Remortgaging or mortgage refinancing is the process of moving to another mortgage product, even to a different mortgage provider, to obtain a better deal. As mortgages are long-term loans, it is common to remortgage multiple times over its lifetime. For example, many people remortgage at the end of their fixed rate term to secure a second fixed rate.

Remortgaging is a term also used for taking out a second loan tied to your property to pay for extras such as home improvements, or even to release money to buy a holiday or a car. Second charge mortgages are also an option - these are separate mortgages secured against the same property, acting as a 'second charge' against your home.

Low interest rate mortgage example

Obtaining a First Time Buyer Mortgage - 10 Steps

The process of obtaining a first time buyer mortgage is not simple, but neither is it impossible! Thankfully, we are here to help.

Clifton Private Finance are specialist mortgage brokers, which means we work every day to get the best mortgage deals for our customers. We are here to provide advice, help with mortgage applications, and get you the lowest mortgage rates.

It's a good idea to speak to an independent mortgage advisor, like Clifton Private Finance, before signing for your mortgage to make sure you are getting the most suitable mortgage for you.

When looking to get a first time buyer mortgage, you will need to do some preparation as follows:

1 - Save the Deposit

As saving for a deposit can take many months or years, it’s best to plan early. Though 100% LTV (zero-deposit) mortgages are available, it’s best to plan for 5% or 10% and upwards if possible. Consider your budget and save that deposit.

2 - Clear Other Debts

Mortgage providers will undertake checks on your finances and the fewer debt obligations you have, the better it is. Credit card debt, overdrafts, and other loans will all impact your suitability, so if you can clear those before applying, you should.

It is never a good idea to try to use a personal loan for your deposit, as the weight of the repayments on the loan are likely to mean you fail the mortgage providers affordability stress tests - plus, it's not allowed by your mortgage lender.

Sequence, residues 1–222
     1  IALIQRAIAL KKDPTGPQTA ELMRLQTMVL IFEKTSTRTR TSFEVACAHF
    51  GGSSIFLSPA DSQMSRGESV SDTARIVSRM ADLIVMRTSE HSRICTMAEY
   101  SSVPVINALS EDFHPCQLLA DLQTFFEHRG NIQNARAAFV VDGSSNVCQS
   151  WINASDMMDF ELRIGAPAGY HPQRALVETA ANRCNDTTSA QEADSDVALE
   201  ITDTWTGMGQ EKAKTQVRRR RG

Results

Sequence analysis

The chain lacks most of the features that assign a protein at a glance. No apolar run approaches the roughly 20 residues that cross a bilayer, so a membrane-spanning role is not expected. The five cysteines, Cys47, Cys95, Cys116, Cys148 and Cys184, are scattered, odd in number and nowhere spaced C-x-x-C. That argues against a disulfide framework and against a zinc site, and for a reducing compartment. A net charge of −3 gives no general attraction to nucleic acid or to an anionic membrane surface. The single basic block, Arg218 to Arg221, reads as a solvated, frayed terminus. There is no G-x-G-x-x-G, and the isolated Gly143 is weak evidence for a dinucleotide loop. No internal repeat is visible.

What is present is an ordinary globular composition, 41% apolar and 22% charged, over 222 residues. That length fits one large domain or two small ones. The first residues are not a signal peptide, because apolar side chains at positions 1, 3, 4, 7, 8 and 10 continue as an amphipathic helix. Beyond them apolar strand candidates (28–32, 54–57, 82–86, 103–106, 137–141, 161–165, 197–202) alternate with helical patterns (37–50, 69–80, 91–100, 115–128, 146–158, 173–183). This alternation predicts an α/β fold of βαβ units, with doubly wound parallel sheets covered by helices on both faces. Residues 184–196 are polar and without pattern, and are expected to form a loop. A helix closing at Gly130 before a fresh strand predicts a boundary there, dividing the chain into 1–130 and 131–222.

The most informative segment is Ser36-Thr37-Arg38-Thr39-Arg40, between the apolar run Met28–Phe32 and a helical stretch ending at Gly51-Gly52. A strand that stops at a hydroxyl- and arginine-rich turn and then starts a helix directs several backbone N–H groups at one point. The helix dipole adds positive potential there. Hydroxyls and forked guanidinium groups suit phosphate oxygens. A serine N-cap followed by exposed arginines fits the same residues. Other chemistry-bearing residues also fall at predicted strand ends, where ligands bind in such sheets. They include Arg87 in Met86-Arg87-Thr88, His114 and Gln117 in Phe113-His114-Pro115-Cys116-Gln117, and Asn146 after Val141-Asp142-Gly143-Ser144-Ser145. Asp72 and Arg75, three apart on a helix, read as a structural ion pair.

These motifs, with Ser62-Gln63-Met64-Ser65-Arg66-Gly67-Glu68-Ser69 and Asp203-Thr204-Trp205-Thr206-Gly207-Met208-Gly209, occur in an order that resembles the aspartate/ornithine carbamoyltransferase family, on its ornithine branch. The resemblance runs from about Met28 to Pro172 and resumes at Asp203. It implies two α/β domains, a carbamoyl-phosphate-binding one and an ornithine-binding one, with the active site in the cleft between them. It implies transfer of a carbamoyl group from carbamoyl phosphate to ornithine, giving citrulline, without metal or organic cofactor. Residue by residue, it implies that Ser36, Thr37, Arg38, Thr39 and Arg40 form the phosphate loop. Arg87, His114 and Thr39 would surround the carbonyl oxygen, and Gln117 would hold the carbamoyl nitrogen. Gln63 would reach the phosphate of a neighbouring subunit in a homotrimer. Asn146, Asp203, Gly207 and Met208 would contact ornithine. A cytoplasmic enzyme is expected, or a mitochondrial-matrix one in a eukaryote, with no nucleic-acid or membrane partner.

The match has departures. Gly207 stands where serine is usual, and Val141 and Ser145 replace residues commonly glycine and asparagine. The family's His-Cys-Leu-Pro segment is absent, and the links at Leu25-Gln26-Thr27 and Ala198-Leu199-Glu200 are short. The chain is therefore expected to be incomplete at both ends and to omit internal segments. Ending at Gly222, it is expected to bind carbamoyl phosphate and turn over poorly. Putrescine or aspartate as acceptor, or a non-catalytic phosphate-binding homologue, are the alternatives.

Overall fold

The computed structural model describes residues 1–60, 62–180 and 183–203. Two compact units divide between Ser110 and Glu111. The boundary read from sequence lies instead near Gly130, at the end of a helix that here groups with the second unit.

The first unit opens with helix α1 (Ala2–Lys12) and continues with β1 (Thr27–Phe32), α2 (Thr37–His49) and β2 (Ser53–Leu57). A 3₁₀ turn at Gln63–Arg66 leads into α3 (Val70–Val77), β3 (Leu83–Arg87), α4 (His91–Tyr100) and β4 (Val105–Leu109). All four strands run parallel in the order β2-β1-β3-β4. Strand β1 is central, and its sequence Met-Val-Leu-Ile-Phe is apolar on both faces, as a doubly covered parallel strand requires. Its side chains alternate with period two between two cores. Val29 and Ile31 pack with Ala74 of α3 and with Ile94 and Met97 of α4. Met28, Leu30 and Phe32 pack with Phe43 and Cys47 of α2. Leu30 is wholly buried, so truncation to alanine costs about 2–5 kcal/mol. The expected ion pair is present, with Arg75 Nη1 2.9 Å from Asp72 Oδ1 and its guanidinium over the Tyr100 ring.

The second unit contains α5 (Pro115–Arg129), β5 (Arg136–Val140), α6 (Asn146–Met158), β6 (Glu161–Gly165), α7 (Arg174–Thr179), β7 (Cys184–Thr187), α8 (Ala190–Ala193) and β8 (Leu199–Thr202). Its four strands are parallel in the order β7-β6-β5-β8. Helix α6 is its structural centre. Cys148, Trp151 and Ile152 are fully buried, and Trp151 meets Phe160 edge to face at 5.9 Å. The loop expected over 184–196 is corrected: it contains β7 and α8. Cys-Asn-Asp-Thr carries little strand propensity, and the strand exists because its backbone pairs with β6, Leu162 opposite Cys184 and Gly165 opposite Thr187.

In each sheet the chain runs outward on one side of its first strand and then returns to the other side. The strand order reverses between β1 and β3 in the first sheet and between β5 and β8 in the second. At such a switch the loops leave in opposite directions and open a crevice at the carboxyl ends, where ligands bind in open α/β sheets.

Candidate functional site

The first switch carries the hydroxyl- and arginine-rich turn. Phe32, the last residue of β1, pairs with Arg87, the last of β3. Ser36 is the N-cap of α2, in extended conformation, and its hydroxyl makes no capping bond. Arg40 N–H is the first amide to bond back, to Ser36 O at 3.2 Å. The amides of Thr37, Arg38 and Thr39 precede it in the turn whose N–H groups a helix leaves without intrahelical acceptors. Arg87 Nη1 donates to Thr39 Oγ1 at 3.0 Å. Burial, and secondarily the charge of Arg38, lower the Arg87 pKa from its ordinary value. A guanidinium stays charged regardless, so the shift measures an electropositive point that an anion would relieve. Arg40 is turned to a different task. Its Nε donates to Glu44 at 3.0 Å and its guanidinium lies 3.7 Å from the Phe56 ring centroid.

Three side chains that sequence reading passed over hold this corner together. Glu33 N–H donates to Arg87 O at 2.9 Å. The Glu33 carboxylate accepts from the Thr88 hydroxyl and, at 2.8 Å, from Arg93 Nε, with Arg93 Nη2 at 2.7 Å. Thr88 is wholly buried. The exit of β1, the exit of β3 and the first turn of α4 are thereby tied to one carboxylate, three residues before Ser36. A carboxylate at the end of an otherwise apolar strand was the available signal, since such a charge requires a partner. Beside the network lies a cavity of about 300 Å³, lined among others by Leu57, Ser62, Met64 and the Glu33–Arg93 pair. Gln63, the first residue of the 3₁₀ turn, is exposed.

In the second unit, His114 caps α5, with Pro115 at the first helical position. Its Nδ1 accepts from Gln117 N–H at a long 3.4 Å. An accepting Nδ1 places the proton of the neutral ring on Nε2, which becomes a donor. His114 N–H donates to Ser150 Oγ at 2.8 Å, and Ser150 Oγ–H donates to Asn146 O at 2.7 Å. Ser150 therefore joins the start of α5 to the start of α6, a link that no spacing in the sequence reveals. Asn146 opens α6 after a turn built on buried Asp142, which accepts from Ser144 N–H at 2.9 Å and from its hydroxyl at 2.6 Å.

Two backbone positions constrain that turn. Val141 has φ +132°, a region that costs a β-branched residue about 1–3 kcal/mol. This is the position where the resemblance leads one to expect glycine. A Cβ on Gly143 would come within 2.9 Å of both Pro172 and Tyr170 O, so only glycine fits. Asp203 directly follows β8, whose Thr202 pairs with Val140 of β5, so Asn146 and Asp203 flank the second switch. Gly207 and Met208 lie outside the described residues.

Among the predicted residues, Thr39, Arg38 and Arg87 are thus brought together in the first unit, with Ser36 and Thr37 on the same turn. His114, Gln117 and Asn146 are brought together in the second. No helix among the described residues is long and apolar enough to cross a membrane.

First time buyer mortgage

3 - Take Care with Your Credit Rating

While bad credit mortgages are available, they are rarely competitive and the rates will be higher than is truly desirable; plus, they may require larger deposits. It is always best to have a good personal credit score before applying for a mortgage.

Make sure you pay any bills on time, don’t stretch your credit, and if you have a particular issue in the past, such as a CCJ or bankruptcy, be patient and give it time to fade into the background before applying for a mortgage (six months or more).

4 - Get Your Paperwork in Order

As you approach the time for application, it’s important to get your paperwork in order. Identity documents, such as passports, should be up-to-date and you will need the past three months bank statements in full. This applies for both yourself and your partner if you are making a joint mortgage application.

Many people struggle with getting all the paperwork in, so it’s good to plan ahead and have this often-frustrating undertaking well in hand.

First time buyer mortgage

5 - Shop Around

Don’t go for the first mortgage offer you find - it’s unlikely it’s the best you can get. Remember, just as you are eager to get a mortgage, so too are the mortgage providers eager to have you as a customer! If your finances and paperwork are in good order then you will be able to be a little choosy over your mortgage.

Using a professional mortgage advisor will mean you get to see and choose from the best offers in the marketplace, including those from specialist lenders who often won’t speak directly to the end customer.

At Clifton Private Finance, we have access to the full marketplace of UK lenders and can obtain the best deals possible for your first time buyer mortgage. Speak to us as soon as you are ready to consider your mortgage application.

At this stage, you are finding out what buying power you have. It’s a preliminary stage prior to obtaining a full mortgage and will help you work out your budget.

How much can I borrow?

6 - Go House Hunting!

With a budget in mind, you can start looking around and visiting houses to see what you might like. An exciting time!

7 - Obtain an Agreement in Principle (AIP)

The agreement in principle is a first-stage agreement from the mortgage provider that lets you put an offer in on a house. It states that, assuming everything works out right, they’ll supply the mortgage. An AIP can be obtained fairly quickly, but remember it’s not a complete mortgage and there will still be checks to be done.

8 - Surveying

You will want to have the house surveyed to make sure there’s nothing wrong with it, while the mortgage provider will also want to do an independent valuation. Assuming all is OK, it’s time to move on with the mortgage itself.

First time buyer mortgage

9 - Get the Mortgage

This is where all that work culminates into an application. We’re here at Clifton Private Finance to help you get your mortgage approved as quickly as possible. Once everything is in place, you’re good to go.

10 - Buy Your Home

You will need a solicitor (known as a conveyancer) to assist with all the legals, but it can move fairly swiftly from an approved mortgage to a full purchase. As a first time buyer, you are not part of a chain so there’s no need for any hold up (though the people you are buying from may need to make arrangements to leave before you can get in).

house prices

First Time Buyer Help with Clifton Private Finance

Of course, there are a few details that we weren’t able to cover in detail in this guide. For more information, consider reading our complete guide to mortgages.

At Clifton Private Finance, we have a team of first time buyer mortgage experts ready to help you get the home you need. For some extra preliminary advice or if you’re ready to start shopping around for a mortgage, contact us today.

To see what we can do for you, give us a call at 0203 900 4322 or book a free consultation below.